Hardy Plant May Ease Biofuels' Burden on Food Costs

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Native ecosystems in places such as Brazil and Indonesia are increasingly being cleared for palm oil plantations and other biofuel crops.

(Related news: "Ethanol Production Could Be Eco-Disaster, Brazil's Critics Say" [February 8, 2007].)

A recent study found that growing crops to make biofuels may actually accelerate global warming, because clearing forests or grasslands gives off substantial amounts of carbon dioxide, the primary greenhouse gas that fuels climate change.

Drought-Resistant Advantage

Jatropha curcas, one of 175 different plants, shrubs, and trees in the Jatropha family, produces seeds containing up to 40 percent oil.

When the seeds are crushed and processed, the resulting oil can be used in a standard diesel engine, while the residue can be used as an organic fertilizer or be burnt for power generation.

The advantage of drought-resistant jatropha is that it can be grown primarily on nonagricultural or marginal land in Africa and India, Oxburgh said.

D1 Oils has already planted about 500,000 acres (200,000 hectares) of jatropha in these regions.

For instance the plant grows along the rail line between Mumbai and Delhi in India, and the train itself runs on 15 to 20 percent biodiesel.

The company plans to expand that area to about 2.5 million acres (1 million hectares) within three to four years.

"We're reforesting areas which were really barren and where the local people had a difficulty making a living before," Oxburgh said, adding that the company expects its first supplies of jatropha oil to be produced later this year.

Other Asian countries, such as Cambodia, may soon become jatropha producers.

A Japanese company recently signed a memorandum of understanding with the Cambodian government to invest U.S. $800 million in growing the crop in that Southeast Asian country, according to Teak Seng, head of WWF Cambodia.

The investment firm Goldman Sachs cited J. curcas as one of the best candidates for future biodiesel production, according to the Wall Street Journal.

Yet many unknowns remain about its future as a commercial crop.

For one, jatropha has yet to be properly domesticated, so its productivity is variable.

"Although we don't know of any major pests and diseases yet, I'm sure they will emerge," Oxburgh said.

Its long-term impact on soil quality and the environment is also not clear. And then there are concerns about naturally occurring toxins within its nuts, seeds, and leaves.

Bittersweet Opportunity?

Joachim von Braun is director general of the International Food Policy Research Institute in Washington, D.C.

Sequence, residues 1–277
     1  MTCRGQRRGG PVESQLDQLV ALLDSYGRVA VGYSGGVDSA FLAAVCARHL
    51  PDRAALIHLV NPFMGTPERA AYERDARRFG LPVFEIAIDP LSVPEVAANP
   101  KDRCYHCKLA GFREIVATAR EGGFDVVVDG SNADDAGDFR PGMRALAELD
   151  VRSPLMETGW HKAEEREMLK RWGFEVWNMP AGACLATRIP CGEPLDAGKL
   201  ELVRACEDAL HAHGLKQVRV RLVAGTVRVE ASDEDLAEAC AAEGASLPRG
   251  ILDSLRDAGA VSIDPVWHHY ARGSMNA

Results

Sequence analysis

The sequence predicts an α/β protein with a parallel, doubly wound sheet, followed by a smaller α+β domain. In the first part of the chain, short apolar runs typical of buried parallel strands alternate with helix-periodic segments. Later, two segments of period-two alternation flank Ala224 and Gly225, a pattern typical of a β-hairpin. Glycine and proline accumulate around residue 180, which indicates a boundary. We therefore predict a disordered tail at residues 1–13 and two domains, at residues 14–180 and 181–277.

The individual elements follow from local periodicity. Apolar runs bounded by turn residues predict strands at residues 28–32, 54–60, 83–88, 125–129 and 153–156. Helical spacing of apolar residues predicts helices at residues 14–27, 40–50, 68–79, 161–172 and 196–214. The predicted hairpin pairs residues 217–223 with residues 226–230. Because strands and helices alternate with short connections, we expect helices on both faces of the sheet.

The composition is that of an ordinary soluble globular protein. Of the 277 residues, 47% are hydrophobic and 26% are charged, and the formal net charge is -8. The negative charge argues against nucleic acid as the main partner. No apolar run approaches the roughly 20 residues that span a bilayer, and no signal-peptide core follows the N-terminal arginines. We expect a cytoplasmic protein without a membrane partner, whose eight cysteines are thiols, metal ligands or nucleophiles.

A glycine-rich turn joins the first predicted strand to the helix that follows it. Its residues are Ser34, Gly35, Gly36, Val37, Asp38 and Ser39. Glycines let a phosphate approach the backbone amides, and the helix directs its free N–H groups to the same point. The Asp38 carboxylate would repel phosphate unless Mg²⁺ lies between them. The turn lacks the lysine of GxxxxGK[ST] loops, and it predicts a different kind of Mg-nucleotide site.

Biofuel expansion could create an additional source of income for small-scale farmers and the poverty-stricken in developing countries, he said.

"The opportunities are with small farmers who have the capacity to produce sufficient quantities of biofuels and other products in environments where there is land and water available, and where the local food production would not be adversely affected," he said.

"Reducing energy dependency in remote rural areas is a realistic vision for biofuels and a real opportunity."

But the switch from food to fuel production in Europe and North America is partly causing food prices to rocket, and that is taking a heavy toll on the world's poor, he added.

Global food prices rose 37 percent in 2007, according to UN's Food and Agriculture Organization.

"We estimate that one-third of [the rise in food prices] is because of biofuels," von Braun said.

(Related news: "Warming May Cause Crop Failures, Food Shortages by 2030" [January 31, 2008].)

More Malnourished

In the United States, much of the biofuel ethanol that is made from heavily processed corn is blended with gasoline.

A 2007 law mandates that U.S. refineries produce at least 36 billion gallons of ethanol by 2022. U.S. farmers receive large government subsidies to switch from growing corn for food to producing ethanol, which burns cleaner than gasoline—though it is not as energy efficient.

Subsidizing biofuel production in Europe and North America is risky, many economists warn, because of the effect that rapidly increasing production will have on food prices and the global poor in particular.

Ford Runge is director of the Center for International Food and Agricultural Policy at the University of Minnesota in St. Paul.

"Poor people may spend 80 to 90 percent of their household income on food," he said.

"Poverty and hunger are closely intertwined, so an increase in food prices hits hardest on poor people."

Runge co-authored a 2003 study showing that the number of hungry and malnourished people will decrease from more than 800 million to 625 million by 2025.

But by taking into account biofuels and other factors, he now predicts the number of hungry and malnourished will instead climb to 1.2 billion in 17 years.

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